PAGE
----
Burgundian inheritance in the Low Countries

The Burgundian inheritance in the Low Countries consisted of numerous fiefs held by the Dukes of Burgundy in modern-day Belgium, Netherlands, and Luxembourg. The Duke of Burgundy was a member of the House of Valois-Burgundy and, after 1482, of the House of Habsburg. Given that the Dukes of Burgundy lost Burgundy proper to the Kingdom of France in 1477, and were never able to recover it, they moved their court to the Low Countries. The Burgundian Low Countries were ultimately expanded to include Seventeen Provinces under Charles V, Holy Roman Emperor. The Burgundian inheritance then passed to Philip II of Spain, whose rule was contested by the Dutch revolt.

Upper Guelders

Upper Guelders or Spanish Guelders was one of the four quarters in the Imperial Duchy of Guelders. In the Dutch Revolt, it was the only quarter that did not secede from the Habsburg Monarchy to become part of the Seven United Netherlands, but remained under Spanish rule during the Eighty Years' War.

Flemish revolts against Maximilian of Austria

In the period 1482–1492, the cities of the County of Flanders revolted twice against Archduke Maximilian of Austria, who ruled the county as regent for his son, Philip the Handsome. The revolts were rooted in the cities' desire to maintain the autonomy that they had wrested from Philip's mother and predecessor, Mary of Burgundy, which Maximilian threatened to curtail. Both revolts were ultimately unsuccessful.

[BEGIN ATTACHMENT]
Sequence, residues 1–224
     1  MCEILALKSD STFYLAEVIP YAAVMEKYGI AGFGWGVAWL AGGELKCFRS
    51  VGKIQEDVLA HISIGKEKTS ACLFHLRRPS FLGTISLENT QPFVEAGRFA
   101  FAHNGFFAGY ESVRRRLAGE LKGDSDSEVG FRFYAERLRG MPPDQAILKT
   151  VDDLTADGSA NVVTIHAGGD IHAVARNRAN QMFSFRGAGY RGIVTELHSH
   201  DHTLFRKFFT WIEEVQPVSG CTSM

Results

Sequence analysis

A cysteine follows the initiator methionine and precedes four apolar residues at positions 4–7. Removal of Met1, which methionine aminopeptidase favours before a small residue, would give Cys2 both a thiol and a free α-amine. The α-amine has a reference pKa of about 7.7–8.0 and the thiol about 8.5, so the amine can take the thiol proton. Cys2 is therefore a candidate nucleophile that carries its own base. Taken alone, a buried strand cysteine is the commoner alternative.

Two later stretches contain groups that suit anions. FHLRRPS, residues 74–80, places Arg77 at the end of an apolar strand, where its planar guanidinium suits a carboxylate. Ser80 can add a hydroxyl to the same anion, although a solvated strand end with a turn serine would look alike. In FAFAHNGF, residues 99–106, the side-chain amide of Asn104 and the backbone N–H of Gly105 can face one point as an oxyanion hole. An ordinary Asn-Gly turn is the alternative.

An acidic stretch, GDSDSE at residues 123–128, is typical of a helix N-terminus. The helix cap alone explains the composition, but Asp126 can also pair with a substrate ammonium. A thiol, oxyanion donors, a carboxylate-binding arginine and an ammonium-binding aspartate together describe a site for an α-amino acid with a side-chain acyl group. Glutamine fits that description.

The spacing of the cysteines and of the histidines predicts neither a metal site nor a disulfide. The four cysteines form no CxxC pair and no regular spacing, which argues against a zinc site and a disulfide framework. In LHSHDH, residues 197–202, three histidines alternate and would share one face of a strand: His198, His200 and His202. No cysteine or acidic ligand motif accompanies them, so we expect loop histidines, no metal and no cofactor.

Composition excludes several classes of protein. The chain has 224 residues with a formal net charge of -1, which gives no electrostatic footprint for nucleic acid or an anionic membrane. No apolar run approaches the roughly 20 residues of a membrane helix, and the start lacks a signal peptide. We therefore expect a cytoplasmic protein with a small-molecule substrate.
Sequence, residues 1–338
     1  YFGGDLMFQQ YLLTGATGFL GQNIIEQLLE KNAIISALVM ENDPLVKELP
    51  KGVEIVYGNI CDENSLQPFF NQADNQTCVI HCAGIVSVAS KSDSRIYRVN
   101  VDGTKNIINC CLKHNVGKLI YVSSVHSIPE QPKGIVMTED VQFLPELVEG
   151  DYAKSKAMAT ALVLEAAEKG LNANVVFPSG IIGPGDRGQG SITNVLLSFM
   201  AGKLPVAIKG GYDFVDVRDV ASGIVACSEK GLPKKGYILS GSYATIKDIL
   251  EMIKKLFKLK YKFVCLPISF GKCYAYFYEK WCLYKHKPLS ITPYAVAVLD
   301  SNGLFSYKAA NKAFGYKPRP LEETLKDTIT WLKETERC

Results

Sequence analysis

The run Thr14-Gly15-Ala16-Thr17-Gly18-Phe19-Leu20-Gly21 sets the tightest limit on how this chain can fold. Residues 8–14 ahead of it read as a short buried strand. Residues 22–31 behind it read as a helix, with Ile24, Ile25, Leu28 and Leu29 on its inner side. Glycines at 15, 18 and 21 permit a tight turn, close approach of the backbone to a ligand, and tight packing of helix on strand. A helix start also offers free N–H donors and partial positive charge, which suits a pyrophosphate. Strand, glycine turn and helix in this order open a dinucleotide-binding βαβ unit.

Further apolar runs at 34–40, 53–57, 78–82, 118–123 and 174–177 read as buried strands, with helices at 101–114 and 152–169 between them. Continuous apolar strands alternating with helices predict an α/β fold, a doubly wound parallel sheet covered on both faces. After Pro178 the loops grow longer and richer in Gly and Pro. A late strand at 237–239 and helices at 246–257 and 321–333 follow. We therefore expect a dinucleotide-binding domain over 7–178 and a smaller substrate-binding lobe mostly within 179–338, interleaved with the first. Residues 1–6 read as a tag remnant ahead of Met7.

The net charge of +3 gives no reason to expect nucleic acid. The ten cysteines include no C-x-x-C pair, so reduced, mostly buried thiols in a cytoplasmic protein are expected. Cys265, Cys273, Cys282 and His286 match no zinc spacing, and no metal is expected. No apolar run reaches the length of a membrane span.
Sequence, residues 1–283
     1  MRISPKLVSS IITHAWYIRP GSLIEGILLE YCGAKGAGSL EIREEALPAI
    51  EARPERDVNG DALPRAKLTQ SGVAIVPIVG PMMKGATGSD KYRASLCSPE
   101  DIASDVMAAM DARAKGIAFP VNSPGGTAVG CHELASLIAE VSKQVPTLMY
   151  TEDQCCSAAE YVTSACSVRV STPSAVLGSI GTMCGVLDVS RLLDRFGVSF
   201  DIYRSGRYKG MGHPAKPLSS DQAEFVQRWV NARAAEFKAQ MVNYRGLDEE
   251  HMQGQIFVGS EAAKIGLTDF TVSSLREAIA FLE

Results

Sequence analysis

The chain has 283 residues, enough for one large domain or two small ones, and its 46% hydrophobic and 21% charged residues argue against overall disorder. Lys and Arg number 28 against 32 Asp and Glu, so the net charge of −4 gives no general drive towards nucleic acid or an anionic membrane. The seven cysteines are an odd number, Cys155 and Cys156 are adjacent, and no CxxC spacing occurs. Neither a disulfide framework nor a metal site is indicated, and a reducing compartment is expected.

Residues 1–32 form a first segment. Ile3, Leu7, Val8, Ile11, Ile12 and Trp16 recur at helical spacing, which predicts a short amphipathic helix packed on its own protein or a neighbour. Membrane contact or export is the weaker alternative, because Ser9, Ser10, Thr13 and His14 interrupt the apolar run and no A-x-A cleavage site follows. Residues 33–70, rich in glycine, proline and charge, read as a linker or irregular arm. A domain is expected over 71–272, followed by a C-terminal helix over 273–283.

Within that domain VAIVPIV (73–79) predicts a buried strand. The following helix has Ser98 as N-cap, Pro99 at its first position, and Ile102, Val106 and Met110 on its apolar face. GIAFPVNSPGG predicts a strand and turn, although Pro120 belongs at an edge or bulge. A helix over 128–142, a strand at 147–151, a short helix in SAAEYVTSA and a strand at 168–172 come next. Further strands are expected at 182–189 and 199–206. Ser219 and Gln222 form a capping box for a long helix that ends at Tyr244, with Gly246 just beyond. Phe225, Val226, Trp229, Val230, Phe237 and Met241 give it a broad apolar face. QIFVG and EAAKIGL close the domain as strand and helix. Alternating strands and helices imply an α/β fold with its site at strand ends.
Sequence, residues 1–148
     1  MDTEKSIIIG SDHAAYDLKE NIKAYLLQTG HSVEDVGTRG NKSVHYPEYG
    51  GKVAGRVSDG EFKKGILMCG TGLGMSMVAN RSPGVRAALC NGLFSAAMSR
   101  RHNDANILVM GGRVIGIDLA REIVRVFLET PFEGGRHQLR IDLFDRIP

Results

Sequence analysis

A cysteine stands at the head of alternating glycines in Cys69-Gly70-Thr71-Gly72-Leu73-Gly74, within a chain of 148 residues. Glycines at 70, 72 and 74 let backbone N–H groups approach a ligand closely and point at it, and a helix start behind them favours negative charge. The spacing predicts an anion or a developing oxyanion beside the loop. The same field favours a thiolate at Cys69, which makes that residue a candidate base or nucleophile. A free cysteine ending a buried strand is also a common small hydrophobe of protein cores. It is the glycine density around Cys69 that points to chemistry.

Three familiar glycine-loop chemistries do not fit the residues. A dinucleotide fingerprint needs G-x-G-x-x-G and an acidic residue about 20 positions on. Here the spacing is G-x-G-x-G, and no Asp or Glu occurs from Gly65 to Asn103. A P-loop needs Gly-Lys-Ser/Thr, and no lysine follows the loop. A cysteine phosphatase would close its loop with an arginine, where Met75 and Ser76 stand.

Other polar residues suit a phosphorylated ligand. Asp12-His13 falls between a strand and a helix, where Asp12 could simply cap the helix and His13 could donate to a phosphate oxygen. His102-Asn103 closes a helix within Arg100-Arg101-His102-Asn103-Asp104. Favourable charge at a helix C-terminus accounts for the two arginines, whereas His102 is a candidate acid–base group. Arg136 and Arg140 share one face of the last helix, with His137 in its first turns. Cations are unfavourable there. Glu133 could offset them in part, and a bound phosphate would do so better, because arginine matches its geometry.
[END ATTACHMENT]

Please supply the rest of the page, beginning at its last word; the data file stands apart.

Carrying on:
Netherlands–Spain relations

Netherlands–Spain relations are the bilateral and diplomatic relations between these two countries. Spain has an embassy in The Hague and a consulate general in Amsterdam. The Netherlands has an embassy in Madrid and nine honorary consulates in Barcelona, Bilbao, Ceuta, Gijón, Palma, Benidorm, Sevilla, Tenerife, Torremolinos and Valencia. The relations between both countries are defined mainly by their membership in the European Union and by being allies in the NATO, as well as belonging to numerous International Organizations.

Burgundian State Historical government in what is now France and the Netherlands

The Burgundian State, often referred to as Valois Burgundy, was a complex of territories that developed in the Late Middle Ages under the rule of the dukes of Burgundy from the French House of Valois, including the Duchy and County of Burgundy and the vast Burgundian Netherlands. As such, it must not be confused with the sole Duchy of Burgundy.

References

  1. Presidency of the Government (11 October 1997). "Real Decreto 1560/1997, de 10 de octubre, por el que se regula el Himno Nacional" (PDF). Boletín Oficial del Estado núm. 244 (in Spanish). Archived (PDF) from the original on 24 September 2015.
  2. Demographics of the Netherlands, Jan Lahmeyer. Retrieved on 20 February 2014.
  3. “The States General.” Staten Generaal, www.staten-generaal.nl/begrip/the_states_general.
  4. Koenigsberger, H. G. (2001). Monarchies, States Generals and Parliaments: The Netherlands in the Fifteenth and Sixteenth Centuries. Cambridge University Press. ISBN   9780521803304.
  5. Bromley, J.S. (editor) 1970, The New Cambridge Modern History Volume 6: The Rise of Great Britain and Russia, 1688-1715/25, Cambridge University Press, ISBN   978-0521075244 (p. 428)